Again, the answer is no because the preparation time for Job I is two
times the time spent on the job. Since
Niki never wants to spend more than 16 hours for preparation, the maximum time
she can work is 16 ÷ 2 = 8. Now you see the purpose of computing the
quotients.
uQuestion Why do we identify the pivot element?
Answer As we have mentioned earlier, the simplex
method begins with a corner point and then moves to the next corner point
always improving the value of the objective function. The value of the objective function is
improved by changing the number of units of the variables. We may add the number of units of one
variable, while throwing away the units of another. Pivoting allows us to do just that.
The variable whose units are being added is called the entering variable, and the variable whose units are
being replaced is called the departing
variable. The entering variable in the above table is
x1, and it was identified by the most
negative entry in the bottom row. The
departing variable y2 was
identified by the lowest of all quotients.
6. Perform
pivoting to make all other entries in
this column zero.
In chapter 2, we used pivoting to obtain the row echelon
form of an augmented matrix. Pivoting is
a process of obtaining a 1 in the location of the pivot element, and then
making all other entries zeros in that column.
So now our job is to make our pivot element a 1 by dividing the entire
second row by 2. The result follows.
x1

x2

y1

y2

Z


1

1

1

0

0

12


1/2

0

1/2

0

8

–40

–30

0

0

1

0

To obtain a zero in the entry first above the pivot element,
we multiply the second row by –1 and add it to row 1. We get
x1

x2

y1

y2

Z


0

1/2

1

–1/2

0

4


1/2

0

1/2

0

8

–40

–30

0

0

1

0

To obtain a zero in the element below the pivot, we multiply
the second row by 40 and add it to the last row.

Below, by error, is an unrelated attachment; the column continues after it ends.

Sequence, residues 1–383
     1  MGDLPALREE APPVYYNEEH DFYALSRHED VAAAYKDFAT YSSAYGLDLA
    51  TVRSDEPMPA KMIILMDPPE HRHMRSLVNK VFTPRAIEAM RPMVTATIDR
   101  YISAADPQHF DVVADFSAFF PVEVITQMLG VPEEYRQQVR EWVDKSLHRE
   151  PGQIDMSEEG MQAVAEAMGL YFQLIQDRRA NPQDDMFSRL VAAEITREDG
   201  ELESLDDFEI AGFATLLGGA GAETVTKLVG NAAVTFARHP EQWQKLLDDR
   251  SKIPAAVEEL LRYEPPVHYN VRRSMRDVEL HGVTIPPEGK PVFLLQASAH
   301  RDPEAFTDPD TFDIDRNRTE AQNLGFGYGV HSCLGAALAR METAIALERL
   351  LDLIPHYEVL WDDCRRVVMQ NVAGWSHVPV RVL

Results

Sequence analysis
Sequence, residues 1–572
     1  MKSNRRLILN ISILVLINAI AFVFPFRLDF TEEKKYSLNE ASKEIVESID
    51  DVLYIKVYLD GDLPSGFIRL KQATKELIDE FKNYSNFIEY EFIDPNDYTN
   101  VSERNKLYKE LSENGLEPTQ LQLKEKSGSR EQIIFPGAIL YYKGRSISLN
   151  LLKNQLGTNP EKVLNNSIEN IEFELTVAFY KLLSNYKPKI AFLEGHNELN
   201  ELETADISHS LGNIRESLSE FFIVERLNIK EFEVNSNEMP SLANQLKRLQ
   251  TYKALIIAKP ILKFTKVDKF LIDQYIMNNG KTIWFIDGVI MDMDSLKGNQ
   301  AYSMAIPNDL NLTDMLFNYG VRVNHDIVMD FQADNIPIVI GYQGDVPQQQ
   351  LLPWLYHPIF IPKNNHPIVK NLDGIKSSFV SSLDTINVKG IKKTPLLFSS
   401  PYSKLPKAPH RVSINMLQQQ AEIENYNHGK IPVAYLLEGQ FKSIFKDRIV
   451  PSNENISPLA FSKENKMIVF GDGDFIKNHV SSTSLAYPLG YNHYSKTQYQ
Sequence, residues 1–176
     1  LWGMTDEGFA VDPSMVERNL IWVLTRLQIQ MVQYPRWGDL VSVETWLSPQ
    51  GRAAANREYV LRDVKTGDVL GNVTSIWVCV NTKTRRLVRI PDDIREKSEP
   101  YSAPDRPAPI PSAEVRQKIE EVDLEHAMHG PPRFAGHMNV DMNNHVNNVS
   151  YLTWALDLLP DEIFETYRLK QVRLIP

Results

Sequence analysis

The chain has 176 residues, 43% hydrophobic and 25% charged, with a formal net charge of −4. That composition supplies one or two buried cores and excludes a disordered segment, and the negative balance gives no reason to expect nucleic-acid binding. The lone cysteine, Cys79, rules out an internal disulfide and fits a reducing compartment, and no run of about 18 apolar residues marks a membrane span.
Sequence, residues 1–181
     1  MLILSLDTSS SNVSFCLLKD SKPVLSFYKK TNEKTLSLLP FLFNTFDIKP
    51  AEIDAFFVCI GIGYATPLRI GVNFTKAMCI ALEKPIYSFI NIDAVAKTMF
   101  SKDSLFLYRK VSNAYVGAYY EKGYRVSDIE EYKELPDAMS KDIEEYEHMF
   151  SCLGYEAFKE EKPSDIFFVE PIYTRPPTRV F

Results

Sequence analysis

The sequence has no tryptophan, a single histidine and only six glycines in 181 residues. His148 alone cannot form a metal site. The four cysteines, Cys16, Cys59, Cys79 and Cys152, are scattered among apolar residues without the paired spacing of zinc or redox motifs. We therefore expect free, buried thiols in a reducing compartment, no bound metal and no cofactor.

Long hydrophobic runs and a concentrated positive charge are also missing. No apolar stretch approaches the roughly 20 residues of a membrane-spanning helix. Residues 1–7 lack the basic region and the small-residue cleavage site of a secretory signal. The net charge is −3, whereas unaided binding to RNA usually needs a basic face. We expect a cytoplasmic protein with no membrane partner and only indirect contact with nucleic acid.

x1

x2

y1

y2

Z



0

1/2

1

–1/2

0

4

y1


1/2

0

1/2

0

8

x1

0

–10

0

20

1

320

Z

We now determine the basic solution associated with this
tableau. By arbitrarily choosing x2 = 0 and y2 = 0, we obtain
x1 = 8, y1 = 4, and z = 320. If we write the augmented matrix, whose left
side is a matrix with columns that have one 1 and all other entries zeros, we
get the following matrix stating the same thing.
We can restate the solution associated with this matrix as x1 = 8, x2 = 0, y1 = 4, y2 = 0 and z = 320. At this stage of the game, it reads that if
Niki works 8 hours at Job I, and no hours at Job II, her profit Z will be
$320. Recall from Example 1 in section
3.1 that (8, 0) was one of our corner points.
Here y1 = 4 and y2 = 0 mean that she will be left with 4 hours of
working time and no preparation time.
7. When
there are no more negative entries in the bottom row, we are finished;
otherwise, we start again from step 4.
Since there is still a negative entry, –10, in the bottom
row, we need to begin, again, from step
4. This time we will not repeat the
details of every step, instead, we will identify the column and row that give
us the pivot element, and highlight the pivot element. The result is as follows.
x1

x2

y1

y2

Z




0


1

–1/2

0

4

y1

¬ 4 ÷ 1/2 = 8

1

1/2

0

1/2

0

8

x1

8 ÷ 1/2 = 16

0

–10

0

20

1

320

Z


We make the pivot element 1 by multiplying row 1 by 2, and